[OT] - Are computers in education better now than 20 years ago?

Michael L Torrie torriem at chem.byu.edu
Mon Feb 12 13:00:37 MST 2007


On Mon, 2007-02-12 at 12:22 -0700, Daniel C. wrote:
> On 2/12/07, Alex Esplin <alex.esplin at gmail.com> wrote:
> > So I think the main problem is that today's major operating system
> > choices ... keep the user too far away from the guts
> 
> Exactly.  You can't just pop open an editor and write a program anyone
> can use the same way they're used to using programs.  (By
> double-clicking an icon.)  At least not without writing the code to
> create all of the windows, control how they're handled, etc.  It's a
> pain.
> 
> I should really look more into Squeak to see if it makes doing this easy or not.

Hence someone wrote an interpreted environment in response to the
original article, "Why Johnny Can't Code."

http://kidbasic.sourceforge.net/

This is close to what I had when I was young with the bare IBM PC (CGA
Graphics!) or the Apple II. Of course we have Logo too, which is also
still quite accessible, albeit not as generic.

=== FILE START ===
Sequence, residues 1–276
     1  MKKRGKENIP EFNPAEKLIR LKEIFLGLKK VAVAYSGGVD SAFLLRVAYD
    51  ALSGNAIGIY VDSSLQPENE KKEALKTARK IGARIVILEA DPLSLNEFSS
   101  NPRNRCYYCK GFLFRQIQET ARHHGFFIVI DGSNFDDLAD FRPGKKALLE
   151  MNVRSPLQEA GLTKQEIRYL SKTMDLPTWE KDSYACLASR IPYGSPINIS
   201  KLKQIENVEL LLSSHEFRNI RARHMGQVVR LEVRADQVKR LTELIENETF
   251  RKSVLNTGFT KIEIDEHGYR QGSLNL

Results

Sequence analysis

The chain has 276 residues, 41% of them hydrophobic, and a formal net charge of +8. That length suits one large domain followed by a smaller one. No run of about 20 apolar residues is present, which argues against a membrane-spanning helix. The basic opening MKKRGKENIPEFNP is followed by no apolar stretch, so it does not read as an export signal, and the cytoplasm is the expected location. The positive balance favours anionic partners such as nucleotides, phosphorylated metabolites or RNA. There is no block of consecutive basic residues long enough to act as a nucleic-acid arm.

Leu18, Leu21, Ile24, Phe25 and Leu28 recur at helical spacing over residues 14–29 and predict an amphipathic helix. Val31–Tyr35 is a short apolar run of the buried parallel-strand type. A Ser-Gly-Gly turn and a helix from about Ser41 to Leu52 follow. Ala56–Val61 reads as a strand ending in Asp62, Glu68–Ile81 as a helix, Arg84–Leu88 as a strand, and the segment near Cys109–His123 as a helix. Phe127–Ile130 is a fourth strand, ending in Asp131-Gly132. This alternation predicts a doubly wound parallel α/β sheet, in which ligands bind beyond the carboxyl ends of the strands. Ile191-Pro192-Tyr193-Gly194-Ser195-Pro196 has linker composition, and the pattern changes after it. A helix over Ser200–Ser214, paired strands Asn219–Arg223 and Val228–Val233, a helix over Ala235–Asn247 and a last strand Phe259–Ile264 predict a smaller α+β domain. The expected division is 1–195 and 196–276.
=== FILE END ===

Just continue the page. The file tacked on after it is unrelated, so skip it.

I think it would be possible to take a modern language like python and
wrap it up in a similar way as BASIC256.  

Of course I can also try setting up a C64 too.  In fact I just had a
professor tell me he's considering that after reading the article I
posted.  Of course, maybe a C64 emulator would be enough.

Seems like programming languages have come full circle.  They started
out in the edit/make/compile stage, then went to fully intrepreted, then
back to the edit/make/compile stage.  (well sort of.)  In a way
languages have become so abstract as to not be accessible anymore.  I
realized the other day that my beautiful python code that's
self-documenting ( :-) would be quite difficult for non-python
programmers to get a handle on because it is so abstract and employs
pythonic things like metaprogramming on a regular basis.


Michael



> 
> Dan
> 
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